Most people don’t pick their state based on tax rates. But as tax season approaches, it’s a good time to think about just how much you’re shelling out due to where you live.
Truth is, there is a lot of variety in state tax structures and figuring out which state has the lowest taxes overall is no easy task. We’ve turned for help to the Tax Foundation, which each year calculates an overall state ranking based on all kinds of taxes residents and businesses pay.
Individual income taxes get the highest weighting in overall rankings in the Tax Foundation’s 2015 State Business Tax Climate Index.
Not surprisingly, states with no income tax are ranked in the Tax Foundation’s top five. These include Florida, Alaska, Wyoming, Nevada and South Dakota. Texas, Washington, New Hampshire and Tennessee don’t tax income on wages, but tax some other kinds of income, so only some of them land in the top 10.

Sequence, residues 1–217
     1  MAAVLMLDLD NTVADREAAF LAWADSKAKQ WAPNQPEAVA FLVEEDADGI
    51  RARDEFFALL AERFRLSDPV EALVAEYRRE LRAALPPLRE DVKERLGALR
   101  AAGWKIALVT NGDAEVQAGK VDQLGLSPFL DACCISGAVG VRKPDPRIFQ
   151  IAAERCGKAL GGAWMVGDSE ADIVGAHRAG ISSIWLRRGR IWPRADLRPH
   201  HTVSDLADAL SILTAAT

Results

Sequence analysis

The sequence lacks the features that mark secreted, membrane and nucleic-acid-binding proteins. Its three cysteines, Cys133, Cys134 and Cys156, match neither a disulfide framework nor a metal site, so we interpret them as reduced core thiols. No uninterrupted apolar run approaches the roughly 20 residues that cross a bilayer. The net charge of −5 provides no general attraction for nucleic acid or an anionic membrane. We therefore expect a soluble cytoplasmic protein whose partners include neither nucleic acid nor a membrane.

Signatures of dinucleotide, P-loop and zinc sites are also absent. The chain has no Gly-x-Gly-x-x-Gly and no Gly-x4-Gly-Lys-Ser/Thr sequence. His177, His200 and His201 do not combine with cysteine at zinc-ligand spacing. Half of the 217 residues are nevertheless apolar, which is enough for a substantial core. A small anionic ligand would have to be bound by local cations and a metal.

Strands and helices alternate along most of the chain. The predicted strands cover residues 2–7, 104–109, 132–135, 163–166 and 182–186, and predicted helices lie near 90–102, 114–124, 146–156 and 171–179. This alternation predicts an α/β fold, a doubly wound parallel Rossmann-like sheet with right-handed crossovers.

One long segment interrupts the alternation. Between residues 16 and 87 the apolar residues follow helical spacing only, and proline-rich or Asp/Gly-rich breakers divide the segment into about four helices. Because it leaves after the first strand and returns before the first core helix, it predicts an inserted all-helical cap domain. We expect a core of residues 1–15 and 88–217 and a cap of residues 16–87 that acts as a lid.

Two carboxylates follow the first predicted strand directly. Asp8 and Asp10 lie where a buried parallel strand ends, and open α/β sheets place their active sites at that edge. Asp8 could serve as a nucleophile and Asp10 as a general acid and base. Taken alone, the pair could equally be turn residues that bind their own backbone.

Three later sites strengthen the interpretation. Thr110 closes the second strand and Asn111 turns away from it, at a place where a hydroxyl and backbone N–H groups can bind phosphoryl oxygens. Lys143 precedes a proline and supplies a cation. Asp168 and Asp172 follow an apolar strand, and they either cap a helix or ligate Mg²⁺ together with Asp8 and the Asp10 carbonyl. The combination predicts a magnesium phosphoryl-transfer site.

Most of the states high on this year’s list forego at least one major tax, such as sales tax or corporate taxes. These rankings factor in business taxes since the Tax Foundation believes they affect economic growth and overall prosperity in a state. Skipping a major tax isn’t necessarily a key to a top ranking, though. Thanks to their low rates, Indiana and Utah still make the top 10 even though they have all major types of taxes.
There are some shifts in rankings each year as states alter their tax structures.
In 2015, North Carolina was the most improved because it implemented tax reforms that included dropping its top income tax rate from 7.75 percent to 5.8 percent. It moved from No. 44 on the list to No. 16 — the biggest jump in the history of the index. Nebraska and West Virginia also improved.
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